Proofreading Tips: State Abbreviations in AP Style

The Associated Press is a popular style guide for public-facing corporate communication. Proofreaders will most likely encounter it while working with journalists or PR specialists in the US. And the AP Stylebook has some pretty specific rules for abbreviations, including state abbreviations. As a proofreader, then, you should be on the lookout for any instances where your client has made mistakes when using these abbreviations. To help you, we’ve summarized the guidelines for state abbreviations in AP style.

AP Style’s Rules for Abbreviating State Names

The first thing to be aware of as a proofreader is that AP style only requires state names to be abbreviated in specific circumstances. These are:

  • When the state name appears alongside a city, town, village, or military base in most datelines. (A dateline is a brief statement included at the beginning of news articles that describes when and where the story was written.)
  • In lists, tables, non-publishable editor’s notes, and credit lines.
  • In short-form listings of party affiliations (e.g., representing Democrat Alabama as D-Ala. or Republican Montana as R-Mont.). 

Having a solid grasp of these three rules will help you decide if your client’s abbreviation of a state name is appropriate. However, there are exceptions to the rules above. 

State names should not be abbreviated:

Top tip: there are eight states that are never abbreviated in datelines or main body text. These are Alaska, Hawaii, Idaho, Iowa, Maine, Ohio, Texas, and Utah. 

Remembering these will help you know when to correct your client’s use of state abbreviations in AP style.

State Abbreviations in AP Style

AP has its own style of state abbreviations. Confusingly, these are different from US postal code abbreviations. Below is a table of the state abbreviations in AP style (for reference, the postal code abbreviations are in parentheses).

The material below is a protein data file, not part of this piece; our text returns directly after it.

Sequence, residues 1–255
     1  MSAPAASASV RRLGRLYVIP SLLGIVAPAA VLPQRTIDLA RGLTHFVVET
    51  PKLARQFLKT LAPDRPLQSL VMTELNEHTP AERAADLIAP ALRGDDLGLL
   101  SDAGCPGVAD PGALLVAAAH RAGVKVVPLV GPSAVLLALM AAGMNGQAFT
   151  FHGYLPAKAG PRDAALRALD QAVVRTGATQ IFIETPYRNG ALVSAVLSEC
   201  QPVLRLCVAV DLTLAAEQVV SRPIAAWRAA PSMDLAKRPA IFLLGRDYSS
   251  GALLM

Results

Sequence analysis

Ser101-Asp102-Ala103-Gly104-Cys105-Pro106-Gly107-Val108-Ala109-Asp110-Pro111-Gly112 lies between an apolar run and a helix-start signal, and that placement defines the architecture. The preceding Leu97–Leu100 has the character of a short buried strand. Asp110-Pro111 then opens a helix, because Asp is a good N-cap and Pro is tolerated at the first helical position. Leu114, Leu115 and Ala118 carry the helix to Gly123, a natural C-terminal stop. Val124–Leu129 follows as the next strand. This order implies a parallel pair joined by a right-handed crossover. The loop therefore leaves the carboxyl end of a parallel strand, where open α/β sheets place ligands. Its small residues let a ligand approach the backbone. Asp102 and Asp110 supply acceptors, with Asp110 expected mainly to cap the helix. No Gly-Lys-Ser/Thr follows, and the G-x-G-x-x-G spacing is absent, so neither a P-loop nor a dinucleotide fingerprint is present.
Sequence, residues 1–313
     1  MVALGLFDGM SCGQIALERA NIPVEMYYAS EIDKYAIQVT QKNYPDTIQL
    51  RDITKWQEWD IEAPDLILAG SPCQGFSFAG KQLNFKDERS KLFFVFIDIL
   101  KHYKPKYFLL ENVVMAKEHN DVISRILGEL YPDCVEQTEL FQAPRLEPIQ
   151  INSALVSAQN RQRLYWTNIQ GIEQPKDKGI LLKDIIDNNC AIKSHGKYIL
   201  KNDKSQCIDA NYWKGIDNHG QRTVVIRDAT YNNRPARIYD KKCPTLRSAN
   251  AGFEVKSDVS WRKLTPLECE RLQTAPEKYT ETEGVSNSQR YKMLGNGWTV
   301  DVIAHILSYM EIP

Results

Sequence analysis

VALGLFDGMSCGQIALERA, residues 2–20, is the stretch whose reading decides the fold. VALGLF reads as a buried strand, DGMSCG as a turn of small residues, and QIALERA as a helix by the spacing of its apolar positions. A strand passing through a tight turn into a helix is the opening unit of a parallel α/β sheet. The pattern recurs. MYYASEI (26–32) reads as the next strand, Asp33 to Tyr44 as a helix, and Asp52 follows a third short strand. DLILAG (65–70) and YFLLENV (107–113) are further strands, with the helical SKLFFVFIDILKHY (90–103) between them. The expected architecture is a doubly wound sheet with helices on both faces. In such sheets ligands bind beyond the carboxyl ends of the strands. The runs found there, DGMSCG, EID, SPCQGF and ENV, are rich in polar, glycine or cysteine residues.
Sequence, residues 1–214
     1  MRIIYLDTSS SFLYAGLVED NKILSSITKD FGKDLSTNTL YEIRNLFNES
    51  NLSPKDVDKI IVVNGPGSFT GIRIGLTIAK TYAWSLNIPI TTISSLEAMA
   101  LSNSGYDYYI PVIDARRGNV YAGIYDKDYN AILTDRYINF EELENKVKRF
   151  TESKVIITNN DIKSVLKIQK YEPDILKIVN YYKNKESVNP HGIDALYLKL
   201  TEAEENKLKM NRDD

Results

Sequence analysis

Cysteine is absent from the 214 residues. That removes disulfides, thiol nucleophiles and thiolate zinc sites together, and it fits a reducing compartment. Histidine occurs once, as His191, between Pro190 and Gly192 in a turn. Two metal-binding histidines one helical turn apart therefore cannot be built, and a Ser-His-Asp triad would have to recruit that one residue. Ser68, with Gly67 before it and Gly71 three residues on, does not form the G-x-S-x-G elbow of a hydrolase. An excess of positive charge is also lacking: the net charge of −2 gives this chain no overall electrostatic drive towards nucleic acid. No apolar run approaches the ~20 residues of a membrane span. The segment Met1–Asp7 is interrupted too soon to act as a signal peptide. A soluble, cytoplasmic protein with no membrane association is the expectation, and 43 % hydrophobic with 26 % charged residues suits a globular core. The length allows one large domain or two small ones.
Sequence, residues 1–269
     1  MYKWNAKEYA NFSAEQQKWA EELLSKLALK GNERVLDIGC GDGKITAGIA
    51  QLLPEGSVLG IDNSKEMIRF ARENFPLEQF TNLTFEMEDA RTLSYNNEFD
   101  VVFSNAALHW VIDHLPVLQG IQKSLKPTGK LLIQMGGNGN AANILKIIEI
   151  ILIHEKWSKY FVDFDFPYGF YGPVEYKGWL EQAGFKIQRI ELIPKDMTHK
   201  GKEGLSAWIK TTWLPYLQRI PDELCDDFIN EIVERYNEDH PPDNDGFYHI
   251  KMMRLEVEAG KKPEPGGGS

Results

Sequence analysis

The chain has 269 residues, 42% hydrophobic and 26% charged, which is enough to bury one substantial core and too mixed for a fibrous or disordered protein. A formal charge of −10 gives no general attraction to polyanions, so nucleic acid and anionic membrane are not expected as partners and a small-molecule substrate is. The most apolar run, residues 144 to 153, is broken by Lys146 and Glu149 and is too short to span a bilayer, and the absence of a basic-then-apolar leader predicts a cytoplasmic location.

State NameAssociated Press AbbreviationState NameAssociated Press Abbreviation
AlabamaAla. (AL)NebraskaNeb. (NE)
ArizonaAriz. (AZ)NevadaNev. (NV)
ArkansasArk. (AR)New HampshireN.H. (NH)
CaliforniaCalif. (CA)New JerseyN.J. (NJ)
ColoradoColo. (CO)New MexicoM.M. (NM)
ConnecticutConn. (CT)New YorkN.Y. (NY)
DelawareDel. (DE)North CarolinaN.C. (NC)
FloridaFla. (FL)North DakotaN.D. (ND)
GeorgiaGa. (GA)OklahomaOkla. (OK)
IllinoisIll. (IL)OregonOre. (OR)
IndianaInd. (IN)PennsylvaniaPa. (PA)
KansasKan. (KS)Rhode IslandR.I. (RI)
KentuckyKy. (KY)South CarolinaS.C. (SC)
LouisianaLa. (LA)South DakotaS.D. (SD)
MarylandMd. (MD)TennesseeTenn. (TN)
MassachusettsMass. (MA)VermontVt. (VT)
MichiganMich. (MI)VirginiaVa. (VA)
MinnesotaMinn. (MN)WashingtonWash. (WA)
MississippiMiss. (MS)West VirginiaW.Va. (WV)
MissouriMo. (MO)WisconsinWis. (WI)
MontanaMont. (MT)WyomingWyo. (WY)

You can refer to this table should you need to check a state abbreviation for your client (making sure it’s also abbreviated in line with the rules set out in the previous section). As a proofreader, you should also be on the lookout for whether your client has punctuated and capitalized abbreviations correctly. 

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